As for the fore-end, it is both deep and straight-sided, which is an advantage when holding on to a gun operating under a smart bit of recoil.

The reasonably large and deeply cut chequering also comes into play when a good grip is needed and, after all, this is what it was designed for ? to enhance one?s grip.

The walnut is oil finished, which is what one expects from this maker, and the stock is fitted with a slim, but what turned out on test to be an effective, rubber butt pad.

The grade of walnut on this gun was not as fancy as some Yildiz guns I have seen, but eminently suitable for its intended role.

Both stock and fore-end showed good straight and tight grain, indicating plenty of strength.

An important factor with all aspects of shotgun sport is a suitable degree of choke for the job in hand.

Barrel bore sizes do vary and, as these are relative to the choke constriction, I tend to gauge multichokes against the barrel they will be used in, especially where steel shot is likely to be used.

This gun is provided with the, by now, normal complement of five choke tubes. The barrel bores measured .724in, a little on the tight side for 12-bore but often a better bet when using fibre wads.

The choke tubes provided measured full, three quarters, a rather tight half, quarter and the last was exactly cylinder bored.

Quite good results for an economically priced gun and for testing I chose full choke to use with lead and the tight half for steel.

Externally this wildfowling gun appears little different to its predecessor.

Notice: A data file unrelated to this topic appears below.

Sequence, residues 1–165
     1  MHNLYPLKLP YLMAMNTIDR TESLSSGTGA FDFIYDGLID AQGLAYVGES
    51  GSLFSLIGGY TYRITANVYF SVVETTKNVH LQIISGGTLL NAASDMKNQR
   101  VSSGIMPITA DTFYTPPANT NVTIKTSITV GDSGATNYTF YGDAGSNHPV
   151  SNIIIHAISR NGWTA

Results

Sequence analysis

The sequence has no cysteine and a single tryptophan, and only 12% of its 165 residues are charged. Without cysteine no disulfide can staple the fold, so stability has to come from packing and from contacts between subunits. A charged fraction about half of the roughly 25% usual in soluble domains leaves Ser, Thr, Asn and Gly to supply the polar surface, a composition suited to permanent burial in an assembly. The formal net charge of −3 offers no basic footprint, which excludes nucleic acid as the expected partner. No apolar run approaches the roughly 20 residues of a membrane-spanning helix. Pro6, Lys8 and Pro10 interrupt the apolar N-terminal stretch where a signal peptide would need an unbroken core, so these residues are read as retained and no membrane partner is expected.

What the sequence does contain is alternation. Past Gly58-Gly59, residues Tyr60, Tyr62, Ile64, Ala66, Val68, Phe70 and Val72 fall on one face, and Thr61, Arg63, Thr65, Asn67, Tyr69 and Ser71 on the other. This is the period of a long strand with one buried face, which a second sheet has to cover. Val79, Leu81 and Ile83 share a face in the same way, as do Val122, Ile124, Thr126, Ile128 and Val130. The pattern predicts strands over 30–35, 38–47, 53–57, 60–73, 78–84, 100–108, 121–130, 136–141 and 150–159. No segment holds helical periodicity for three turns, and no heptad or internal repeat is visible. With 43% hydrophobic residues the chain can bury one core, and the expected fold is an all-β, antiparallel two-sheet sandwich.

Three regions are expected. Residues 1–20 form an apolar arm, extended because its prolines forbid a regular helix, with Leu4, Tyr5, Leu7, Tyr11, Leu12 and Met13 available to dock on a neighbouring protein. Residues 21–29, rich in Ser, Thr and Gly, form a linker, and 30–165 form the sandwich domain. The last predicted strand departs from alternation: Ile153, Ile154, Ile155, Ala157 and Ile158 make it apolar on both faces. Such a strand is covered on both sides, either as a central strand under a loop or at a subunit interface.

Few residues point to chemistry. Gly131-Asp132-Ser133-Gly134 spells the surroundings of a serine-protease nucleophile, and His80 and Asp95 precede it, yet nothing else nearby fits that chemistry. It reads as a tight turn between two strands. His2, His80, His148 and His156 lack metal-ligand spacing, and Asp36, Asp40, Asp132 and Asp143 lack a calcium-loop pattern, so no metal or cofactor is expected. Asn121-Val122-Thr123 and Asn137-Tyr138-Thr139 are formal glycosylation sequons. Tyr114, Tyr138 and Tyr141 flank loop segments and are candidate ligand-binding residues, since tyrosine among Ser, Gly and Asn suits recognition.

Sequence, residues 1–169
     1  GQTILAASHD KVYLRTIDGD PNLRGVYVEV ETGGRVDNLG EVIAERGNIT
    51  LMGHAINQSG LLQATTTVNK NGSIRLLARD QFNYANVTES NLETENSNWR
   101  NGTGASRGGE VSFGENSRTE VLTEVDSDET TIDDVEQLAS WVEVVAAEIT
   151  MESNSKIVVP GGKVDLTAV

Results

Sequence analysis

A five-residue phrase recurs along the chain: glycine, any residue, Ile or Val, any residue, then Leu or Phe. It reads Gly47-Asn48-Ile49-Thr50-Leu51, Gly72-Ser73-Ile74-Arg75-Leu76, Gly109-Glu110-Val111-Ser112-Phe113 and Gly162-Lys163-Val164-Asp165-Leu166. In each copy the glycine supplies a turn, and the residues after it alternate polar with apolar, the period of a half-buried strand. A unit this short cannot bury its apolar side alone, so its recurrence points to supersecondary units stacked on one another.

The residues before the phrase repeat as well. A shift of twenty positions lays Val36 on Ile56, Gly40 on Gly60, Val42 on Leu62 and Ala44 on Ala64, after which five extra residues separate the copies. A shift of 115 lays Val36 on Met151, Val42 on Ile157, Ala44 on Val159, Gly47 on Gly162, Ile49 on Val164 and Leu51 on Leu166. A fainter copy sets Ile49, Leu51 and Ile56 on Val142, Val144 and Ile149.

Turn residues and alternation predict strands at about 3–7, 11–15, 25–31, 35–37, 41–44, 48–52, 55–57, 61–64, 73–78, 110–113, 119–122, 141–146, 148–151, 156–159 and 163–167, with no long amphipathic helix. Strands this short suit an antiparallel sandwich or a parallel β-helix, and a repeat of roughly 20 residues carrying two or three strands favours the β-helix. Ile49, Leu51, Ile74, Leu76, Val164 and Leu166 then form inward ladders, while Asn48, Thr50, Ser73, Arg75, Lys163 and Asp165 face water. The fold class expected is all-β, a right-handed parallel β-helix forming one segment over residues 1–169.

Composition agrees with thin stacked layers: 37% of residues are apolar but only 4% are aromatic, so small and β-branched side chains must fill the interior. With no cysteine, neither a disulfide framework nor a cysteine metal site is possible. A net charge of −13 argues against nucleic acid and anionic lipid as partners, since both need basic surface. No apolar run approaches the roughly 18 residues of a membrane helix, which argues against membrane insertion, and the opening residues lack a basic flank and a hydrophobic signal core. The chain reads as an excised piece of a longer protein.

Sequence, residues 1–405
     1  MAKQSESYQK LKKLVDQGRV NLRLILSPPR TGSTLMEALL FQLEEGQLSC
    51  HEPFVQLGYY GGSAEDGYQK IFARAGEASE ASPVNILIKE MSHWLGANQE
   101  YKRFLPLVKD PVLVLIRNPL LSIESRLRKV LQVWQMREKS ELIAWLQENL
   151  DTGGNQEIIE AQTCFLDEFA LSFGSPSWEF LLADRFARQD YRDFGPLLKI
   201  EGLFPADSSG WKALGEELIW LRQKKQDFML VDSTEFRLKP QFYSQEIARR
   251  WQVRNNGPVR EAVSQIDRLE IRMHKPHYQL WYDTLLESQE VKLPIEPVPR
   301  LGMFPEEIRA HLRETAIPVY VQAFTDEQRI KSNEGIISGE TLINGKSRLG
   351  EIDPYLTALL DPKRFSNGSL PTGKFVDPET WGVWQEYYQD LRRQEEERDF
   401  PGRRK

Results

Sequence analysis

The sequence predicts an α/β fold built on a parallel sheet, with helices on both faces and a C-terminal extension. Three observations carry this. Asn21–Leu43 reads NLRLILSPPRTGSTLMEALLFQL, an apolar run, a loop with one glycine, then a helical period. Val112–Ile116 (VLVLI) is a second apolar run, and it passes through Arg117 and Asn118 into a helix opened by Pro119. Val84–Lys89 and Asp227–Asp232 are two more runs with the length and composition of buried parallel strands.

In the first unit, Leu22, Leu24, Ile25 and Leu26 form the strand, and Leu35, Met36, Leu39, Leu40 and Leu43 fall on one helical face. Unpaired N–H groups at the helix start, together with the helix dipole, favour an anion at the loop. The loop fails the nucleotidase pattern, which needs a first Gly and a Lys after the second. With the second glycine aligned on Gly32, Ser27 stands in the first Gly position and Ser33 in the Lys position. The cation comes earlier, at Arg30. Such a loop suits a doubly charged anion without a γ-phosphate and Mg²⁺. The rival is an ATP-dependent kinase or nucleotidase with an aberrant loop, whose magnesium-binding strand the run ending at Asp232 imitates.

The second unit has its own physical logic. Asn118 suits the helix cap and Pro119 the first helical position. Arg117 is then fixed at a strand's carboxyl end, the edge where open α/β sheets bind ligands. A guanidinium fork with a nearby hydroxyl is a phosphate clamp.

Changes are in the internal detail with the main benefit being 3.1⁄2in chambers and a plain extractor rather than ejectors.

The simple design including safety with barrel selector makes it ideal for wildfowling.

Handling has a distinct forward bias, making the gun feel somewhat heavier than its all-up loaded weight of 8lb.

It came up to the shoulder well and the stock drop and cast meant, for me, seeing the target centre just on top of the brass foresight bead.

As you would expect, it is not a quick handling gun but has a good solid feel to it, or as one might put it, a swinger, not a poker.

Proved to be a touch on the heavy side with a bit of creep indicating deep sear engagement which many modern makers tend to favour on a gun made for heavy recoiling cartridges to avoid double discharges.

As for that recoil, with this gun?s comfortable fit and reasonable weight, it was not especially unpleasant.

Indeed, with the cartridges used on test and the gun mounted firmly into the shoulder, kneeling shots, much as one might take from a muddy gully, were a quite practical proposition without any real discomfort.

Steelshot loads and leadshot cartridges were used as it is still legal to shoot wildfowl inland, such as over stubble, in Scotland.

A gun that could be used in other roles but its forte would be out on the foreshore.

On the face of it what we have got is the previous model with a few detail changes but without sprung ejectors and the addition of 3.1⁄2in chambers.

Yet that is not the whole story, as this is one of those rare instances where the result is more than the sum of those changes.

What we have is no longer a multipurpose gun but a proper wildfowling tool, even if it is a bit pretty for my taste.

Yildiz Eleganta A3TM magnum shotgun

From £740